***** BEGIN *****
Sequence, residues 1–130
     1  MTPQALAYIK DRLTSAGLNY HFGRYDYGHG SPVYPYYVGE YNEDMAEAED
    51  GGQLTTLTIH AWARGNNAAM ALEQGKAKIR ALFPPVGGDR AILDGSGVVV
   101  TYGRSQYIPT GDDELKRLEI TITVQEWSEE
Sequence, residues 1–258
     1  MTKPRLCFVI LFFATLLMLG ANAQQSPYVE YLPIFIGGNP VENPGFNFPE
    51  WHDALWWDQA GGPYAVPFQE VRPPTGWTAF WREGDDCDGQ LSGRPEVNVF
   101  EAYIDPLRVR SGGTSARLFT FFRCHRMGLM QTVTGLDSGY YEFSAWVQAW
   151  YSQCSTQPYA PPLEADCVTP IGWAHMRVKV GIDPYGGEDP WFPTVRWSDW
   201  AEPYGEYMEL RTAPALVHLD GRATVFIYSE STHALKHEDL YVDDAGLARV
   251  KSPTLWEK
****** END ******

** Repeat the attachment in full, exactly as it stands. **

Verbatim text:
Sequence, residues 1–130
     1  MTPQALAYIK DRLTSAGLNY HFGRYDYGHG SPVYPYYVGE YNEDMAEAED
    51  GGQLTTLTIH AWARGNNAAM ALEQGKAKIR ALFPPVGGDR AILDGSGVVV
   101  TYGRSQYIPT GDDELKRLEI TITVQEWSEE
Sequence, residues 1–258
     1  MTKPRLCFVI LFFATLLMLG ANAQQSPYVE YLPIFIGGNP VENPGFNFPE
    51  WHDALWWDQA GGPYAVPFQE VRPPTGWTAF WREGDDCDGQ LSGRPEVNVF
   101  EAYIDPLRVR SGGTSARLFT FFRCHRMGLM QTVTGLDSGY YEFSAWVQAW
   151  YSQCSTQPYA PPLEADCVTP IGWAHMRVKV GIDPYGGEDP WFPTVRWSDW
   201  AEPYGEYMEL RTAPALVHLD GRATVFIYSE STHALKHEDL YVDDAGLARV
   251  KSPTLWEK